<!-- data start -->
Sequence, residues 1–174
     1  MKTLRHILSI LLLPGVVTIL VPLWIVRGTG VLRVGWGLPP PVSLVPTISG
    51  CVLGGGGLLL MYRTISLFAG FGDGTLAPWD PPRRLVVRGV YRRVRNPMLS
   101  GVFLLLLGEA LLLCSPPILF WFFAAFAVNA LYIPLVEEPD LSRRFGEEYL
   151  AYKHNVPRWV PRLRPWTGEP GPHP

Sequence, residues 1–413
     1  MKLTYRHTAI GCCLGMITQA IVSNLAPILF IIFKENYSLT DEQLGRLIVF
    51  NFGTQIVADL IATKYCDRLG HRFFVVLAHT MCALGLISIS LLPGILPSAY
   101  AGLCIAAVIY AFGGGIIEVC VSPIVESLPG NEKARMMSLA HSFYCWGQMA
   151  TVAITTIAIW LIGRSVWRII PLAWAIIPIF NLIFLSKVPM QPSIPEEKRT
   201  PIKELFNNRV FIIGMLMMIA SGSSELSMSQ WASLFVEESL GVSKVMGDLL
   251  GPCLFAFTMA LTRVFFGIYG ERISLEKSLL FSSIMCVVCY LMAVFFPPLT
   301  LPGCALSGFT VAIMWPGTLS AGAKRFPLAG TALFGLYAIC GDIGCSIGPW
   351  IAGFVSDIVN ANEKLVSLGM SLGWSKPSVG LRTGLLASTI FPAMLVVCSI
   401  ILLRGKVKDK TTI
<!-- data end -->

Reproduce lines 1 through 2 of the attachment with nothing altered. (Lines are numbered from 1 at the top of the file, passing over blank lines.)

Sequence, residues 1–174
     1  MKTLRHILSI LLLPGVVTIL VPLWIVRGTG VLRVGWGLPP PVSLVPTISG